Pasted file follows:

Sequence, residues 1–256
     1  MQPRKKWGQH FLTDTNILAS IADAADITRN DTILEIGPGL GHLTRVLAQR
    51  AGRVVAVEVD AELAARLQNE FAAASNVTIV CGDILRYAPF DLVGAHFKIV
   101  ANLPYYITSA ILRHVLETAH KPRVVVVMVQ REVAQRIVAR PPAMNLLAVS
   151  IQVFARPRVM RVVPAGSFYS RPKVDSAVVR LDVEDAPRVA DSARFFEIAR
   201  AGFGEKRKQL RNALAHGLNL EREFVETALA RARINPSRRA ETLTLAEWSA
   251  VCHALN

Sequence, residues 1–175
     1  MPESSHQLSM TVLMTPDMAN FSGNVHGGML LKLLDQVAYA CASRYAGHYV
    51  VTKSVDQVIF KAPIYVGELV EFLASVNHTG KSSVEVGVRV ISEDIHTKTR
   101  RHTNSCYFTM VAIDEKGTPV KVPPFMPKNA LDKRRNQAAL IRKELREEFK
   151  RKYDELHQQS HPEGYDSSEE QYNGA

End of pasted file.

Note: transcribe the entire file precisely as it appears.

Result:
Sequence, residues 1–256
     1  MQPRKKWGQH FLTDTNILAS IADAADITRN DTILEIGPGL GHLTRVLAQR
    51  AGRVVAVEVD AELAARLQNE FAAASNVTIV CGDILRYAPF DLVGAHFKIV
   101  ANLPYYITSA ILRHVLETAH KPRVVVVMVQ REVAQRIVAR PPAMNLLAVS
   151  IQVFARPRVM RVVPAGSFYS RPKVDSAVVR LDVEDAPRVA DSARFFEIAR
   201  AGFGEKRKQL RNALAHGLNL EREFVETALA RARINPSRRA ETLTLAEWSA
   251  VCHALN

Sequence, residues 1–175
     1  MPESSHQLSM TVLMTPDMAN FSGNVHGGML LKLLDQVAYA CASRYAGHYV
    51  VTKSVDQVIF KAPIYVGELV EFLASVNHTG KSSVEVGVRV ISEDIHTKTR
   101  RHTNSCYFTM VAIDEKGTPV KVPPFMPKNA LDKRRNQAAL IRKELREEFK
   151  RKYDELHQQS HPEGYDSSEE QYNGA